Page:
Kathy Cline: Questions for you
October 7, 2018
Have you recently moved to Steamboat Springs for its unique attributes including, but not limited to, the beautiful landscape and the charming, historic character of this small but vibrant town?
Have you lived here most of your life and always been part of the unique fabric of this community?
Or, do you fall somewhere in between, like me? I moved here in the ’70s and fell in love with the rural Routt County landscape and the special sense of place I feel in the Steamboat Springs community.
If any of these scenarios apply to you, I hope you noticed Steamboat Pilot & Today’s recent articles about the Steamboat Springs Planning Commission's upcoming review of the draft Downtown Area Plan, which will be held at 5 p.m. Thursday in the Citizens Meeting Room at Centennial Hall. Former City Planning Director Tyler Gibbs, I am grateful to learn, has graciously agreed to serve as a consultant to this plan and its implementation.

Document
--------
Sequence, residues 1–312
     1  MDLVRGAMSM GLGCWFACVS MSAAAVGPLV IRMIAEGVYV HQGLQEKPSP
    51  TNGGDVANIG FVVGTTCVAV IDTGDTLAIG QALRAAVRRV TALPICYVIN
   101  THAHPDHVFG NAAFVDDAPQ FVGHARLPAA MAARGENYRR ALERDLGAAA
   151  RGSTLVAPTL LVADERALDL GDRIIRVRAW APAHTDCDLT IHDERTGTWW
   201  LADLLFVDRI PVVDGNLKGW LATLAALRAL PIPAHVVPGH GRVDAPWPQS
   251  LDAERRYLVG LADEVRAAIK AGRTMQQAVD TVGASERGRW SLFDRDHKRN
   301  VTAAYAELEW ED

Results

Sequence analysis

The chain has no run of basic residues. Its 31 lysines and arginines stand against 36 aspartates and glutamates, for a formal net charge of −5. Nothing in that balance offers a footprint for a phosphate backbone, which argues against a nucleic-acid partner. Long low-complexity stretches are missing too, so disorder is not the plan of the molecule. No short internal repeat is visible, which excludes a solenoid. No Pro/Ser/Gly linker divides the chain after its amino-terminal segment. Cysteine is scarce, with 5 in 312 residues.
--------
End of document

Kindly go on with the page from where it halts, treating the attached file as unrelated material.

Did you know that, as the first article pointed out, "from approximately Fifth to 11th streets, Lincoln Avenue has been designated on the National Park Service's Register of Historic Places?" For years leading up to this designation, preservation-minded property owners, including the city of Steamboat Springs, dedicated business owners and a hardworking group of locals that documented the historic attributes of Lincoln Avenue all contributed to this incredible recognition.
Yet, it seems few residents and visitors know that downtown Steamboat Springs is a National Historic District, let alone think about how the charming character of this town is defined by its historic buildings, among other important qualities.
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The commission is asking for public input, and I believe this is a critical opportunity to let commission members know what is important to us and our community in regards to the future development of Oak Street, Lincoln Avenue and Yampa Street. If you can, please join me Thursday evening, Oct. 11 at the meeting to express your opinion. You can also submit public comment online at steamboatsprings.net/791/downtown-plan.
Together, let's help codify what it is that makes Steamboat Springs so special so that, as we continue to grow, we retain the essence of our unique sense of place and not only who we are but where we came from.
Historic Routt County board of directors